A Brief Account of Recent things: Sub-Mullae 2012, The Patriotic Cabby, and the Geology of Singapore

A Brief Account of Recent things: Sub-Mullae 2012, The Patriotic Cabby, and the Geology of Singapore

From left to right: Khai, Heewoo, Annabelle, and Mulim

This week is the start of the first phase of a collaboration between me and Korean artist Jeong Heewoo. Heewoo is a meticulous artist who also works with mapping and I’m excited to be showing her around and working with her! We are working from the The Substation Random Room where we have a kind of open studio from around 11 to 6pm each day (when we are in, if we are not in, then it means we are outside seeing things).

The only problem is that my schedule has also suddenly exploded! It has become ridiculously hectic this week, along with my usual overwhelming commercial design work, preparation for talks and abstracts and journals, and on top of that: my Postcode Postcard receiving a lot of good but unexpected attention, including being mentioned in a presentation at the World Cities Summit Expo Forum 2012, and fielding some interviews. Despite the superbusyness, I find that it has been very fruitful to have worked on that project as I have met many amazing people working in data visualisation / data mining / programming as a result of participating in that data hackathon… and I am always keen to meet more people who are interested in this area or actually work in this area.

I have posted some things about the last few days: our trip to the WCS Summit, going to the Marina Bay City Gallery, and going to the URA Resource Centre & City Gallery.

Here are links to our new blog and wiki for the Sub-mullae project:

Blog: http://sub-mullae-2012.blogspot.sg/
Wiki: http://map.wwgou.org


Patriotic Cabby


I was taking a Taxi back home one day when I met a cab driver who was fiercely patriotic and he told me of his secret plan to buy 10000 singapore flags and to festoon his entire HDB block with them, overnight, in order to remind Singaporeans that they should love Singapore and not behave ungraciously. “I will hang a Singapore flag from every single ledge! i will plant one flag in their pots of plants! I will put one flag in every single pot of plant that I have! I will also get some bunting and go around the estate with the Singapore flag! When everyone wakes up they will be shocked! But then, I will be quiet and not let anyone know it was me.” I hope he gets to do it! He even had a design that he had made by himself – he let me take a picture of this design that he had also pasted on his own taxi. I love the idea and I hope he manages to accomplish it, whereever he might be right now…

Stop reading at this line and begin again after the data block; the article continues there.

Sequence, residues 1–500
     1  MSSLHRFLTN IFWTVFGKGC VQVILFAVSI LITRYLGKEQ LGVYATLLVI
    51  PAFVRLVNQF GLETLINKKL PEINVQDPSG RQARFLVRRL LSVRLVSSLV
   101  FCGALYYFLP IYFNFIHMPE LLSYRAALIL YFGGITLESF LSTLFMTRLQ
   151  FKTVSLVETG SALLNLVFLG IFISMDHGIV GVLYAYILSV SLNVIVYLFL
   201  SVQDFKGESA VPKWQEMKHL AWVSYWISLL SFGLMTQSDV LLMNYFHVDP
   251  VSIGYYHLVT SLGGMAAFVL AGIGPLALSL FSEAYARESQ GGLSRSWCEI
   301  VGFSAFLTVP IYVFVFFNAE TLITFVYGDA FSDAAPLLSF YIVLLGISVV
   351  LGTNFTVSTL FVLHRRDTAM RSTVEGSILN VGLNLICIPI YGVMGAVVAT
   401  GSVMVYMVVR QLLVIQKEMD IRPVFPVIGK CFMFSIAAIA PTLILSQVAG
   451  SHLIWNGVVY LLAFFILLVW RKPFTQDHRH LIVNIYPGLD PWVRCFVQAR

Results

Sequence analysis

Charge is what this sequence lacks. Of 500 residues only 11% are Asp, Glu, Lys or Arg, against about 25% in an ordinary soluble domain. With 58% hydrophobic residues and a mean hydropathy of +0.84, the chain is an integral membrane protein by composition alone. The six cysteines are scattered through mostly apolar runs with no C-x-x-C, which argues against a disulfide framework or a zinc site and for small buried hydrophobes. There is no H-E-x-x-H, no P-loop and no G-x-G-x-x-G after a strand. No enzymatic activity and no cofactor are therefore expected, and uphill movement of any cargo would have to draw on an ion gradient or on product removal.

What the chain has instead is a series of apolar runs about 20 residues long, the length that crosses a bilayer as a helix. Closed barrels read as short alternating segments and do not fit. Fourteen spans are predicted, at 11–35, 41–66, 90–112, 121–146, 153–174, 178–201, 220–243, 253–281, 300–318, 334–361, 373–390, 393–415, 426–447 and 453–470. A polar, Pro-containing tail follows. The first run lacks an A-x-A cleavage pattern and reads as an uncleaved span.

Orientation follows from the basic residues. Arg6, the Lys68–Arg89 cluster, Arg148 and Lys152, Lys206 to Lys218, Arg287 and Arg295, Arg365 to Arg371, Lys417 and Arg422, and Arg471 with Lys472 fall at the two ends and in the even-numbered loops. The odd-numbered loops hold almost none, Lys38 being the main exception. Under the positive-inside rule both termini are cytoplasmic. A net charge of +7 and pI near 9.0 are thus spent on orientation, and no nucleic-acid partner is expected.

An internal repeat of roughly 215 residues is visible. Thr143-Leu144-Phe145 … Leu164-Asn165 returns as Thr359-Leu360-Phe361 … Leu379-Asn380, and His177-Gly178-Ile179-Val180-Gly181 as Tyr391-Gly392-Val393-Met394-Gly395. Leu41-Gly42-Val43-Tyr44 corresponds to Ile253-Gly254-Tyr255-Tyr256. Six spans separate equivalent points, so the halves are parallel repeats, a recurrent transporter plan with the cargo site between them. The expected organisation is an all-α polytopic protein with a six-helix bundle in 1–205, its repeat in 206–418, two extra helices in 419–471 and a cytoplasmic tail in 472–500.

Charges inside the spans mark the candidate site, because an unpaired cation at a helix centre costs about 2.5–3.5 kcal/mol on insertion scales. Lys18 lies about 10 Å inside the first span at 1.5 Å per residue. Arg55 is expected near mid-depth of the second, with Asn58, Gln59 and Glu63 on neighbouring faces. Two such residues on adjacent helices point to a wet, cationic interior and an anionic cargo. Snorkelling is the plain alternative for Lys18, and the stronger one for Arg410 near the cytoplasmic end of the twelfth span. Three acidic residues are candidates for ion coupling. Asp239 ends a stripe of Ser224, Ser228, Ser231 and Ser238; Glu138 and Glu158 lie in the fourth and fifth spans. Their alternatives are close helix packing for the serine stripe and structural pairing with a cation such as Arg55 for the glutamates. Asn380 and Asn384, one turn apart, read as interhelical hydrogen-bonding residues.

I was reading a book by the Public Works Department about the geology of Singapore and it tabulates all the geological faults in Singapore (no matter how tiny and almost non-existent).

Few faults are actually exposed in Singapore, and the only ones that can be dated are the Murai Fault, Nanyang Fault, and Pasir Laba Faults which are thrust faults with other associated tear faults around them. Basically if Singapore was a big slab of rock, what happened was that there was probably some horizontal stress from the south-west and this mass of material kinda over-rode on top of the usually north-west trending sediments that were from the older Triassic period. A fault means there was either a thrust fault or tear fault where the rock was compressed/pushed together or pulled apart by the plate tectonics. I find this mindboggling since we aren’t used to thinking of the very creation of the land of Singapore, tracing it all the way back to a period where dinosaurs might have even existed. To think that Singapore was here all along, this silly little spot of an island in the world!

So basically if we had to make a list of geological faults in singapore, they would be: Murai Fault, Pasir Laba Fault, Nanyang Fault, Henderson Road Fault, Tanjong Lokos Fault, Pepys Road Fault, Nee Soon Fault, Seletar Fault. Did i miss out anything?


I recently found a road detail guide released by the LTA which is like a detailed design guide to everything to do with road construction and road signage. Yes, they have a detailed guide for that.


I read a ESRI magazine which publishes a selection of outstanding GIS projects each month, from . I have been trying to teach myself about GIS and bought a number of books to learn more about how to get started with ArcGIS (in some brief flashes of madness i even think that I might do a surveyor course here, because I enjoy the idea of doing meaningful urban spatial analysis so much. (I often think I am slowly shifting towards wanting to do my Masters in something like Advanced Spatial Analysis as a starting point to a further PhD in this area, so that I can combine my love for data visualization with my interest in urban built environments, architecture, and geography…)